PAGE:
It shouldn’t come as a surprise, but often does: Entrepreneurship is hard. Insanely hard. And demoralizing. You read the glossy covers about so-and-so who built x-app and just sold to y-company for 11 bajillion dollars. And you think: Hey, I can do that! So you try and start a business, only to find that traditional knowledge is a farce. Just remember: The. Struggle. Is. Real.

Example of some poor traditional advice: Go first to your friends and family for support. In theory, these are the people who should believe most in you, who should support you. But in reality, they’re the ones most likely to shoot down your ideas. Their whole goal is to divert you from your path.

This is the type of stuff they don’t typically teach in business school courses. You expect to be taken advantage of by a smooth-talking guy in a $5000 suit. But the reality is you are most susceptible to the people who are closest to you. Even if you prove wrong those closest to you, they’ll be the first to tell you why you should hire them, why you should help them. They’ll magically forget how they told you to forget about your goals. They’ll pretend they were there since Day 1. They’ll tell themselves you only made it because they were there to help see you through.

That’s another truth: People want to be part of the success, without doing any of the work. At this company, we’ve been approached by a number of people who want to “partner” or “join forces” which, initially, encouraged us. We felt people finally saw the greater value of what we are providing. But after a few conversations, it became apparent: They had nothing valuable to offer. Even worse, they wanted us to help drive them business, without a way to promote our efforts. In one-way relationships, the struggle is real.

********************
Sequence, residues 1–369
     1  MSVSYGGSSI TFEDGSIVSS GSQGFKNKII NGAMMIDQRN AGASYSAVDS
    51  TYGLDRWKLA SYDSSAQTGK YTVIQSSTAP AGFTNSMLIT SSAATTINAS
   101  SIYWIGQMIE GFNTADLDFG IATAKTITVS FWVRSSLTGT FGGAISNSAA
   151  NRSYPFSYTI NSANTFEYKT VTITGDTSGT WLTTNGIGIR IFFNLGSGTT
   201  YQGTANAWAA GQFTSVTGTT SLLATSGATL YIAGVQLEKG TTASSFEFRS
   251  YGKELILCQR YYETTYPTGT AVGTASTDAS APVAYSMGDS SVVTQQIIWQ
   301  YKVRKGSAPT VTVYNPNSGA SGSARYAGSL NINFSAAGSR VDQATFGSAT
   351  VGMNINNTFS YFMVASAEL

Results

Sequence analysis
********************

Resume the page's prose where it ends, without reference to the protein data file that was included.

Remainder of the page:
We’re told to find funding, be it traditional or nontraditional. But what happens if you can’t secure a loan, or you haven’t built up a network large enough to find a funding source? What happens when your credit takes a large hit because you didn’t hit your monthly number and can’t make payments? What happens when the necessity to put food in your family’s mouth conflicts with your desire to accomplish something fulfilling?

This isn’t to say that entrepreneurship is all bad. There are a great many rewards that come with setting out for yourself. But too often we glamorize the journey and neglect to tell the whole story. Innumerable people, businesses, and schools are attempting to capitalize on the benefits of running your own business, but few truly speak to the harsh reality that often comes along with it.

Most people won’t be entrepreneurs. And truthfully, most people shouldn’t be. The economy thrives with an educated workforce, with employees who provide and increase the value of an organization. The struggle of entrepreneurship is real, indeed. If you’re considering venturing out on your own, be prepared for the psychological trauma, the financial strain, and the burden of failed relationships. In order to experience the success of entrepreneurship, you must be willing to experience and persevere through these, and many other obstacles by staying mentally strong.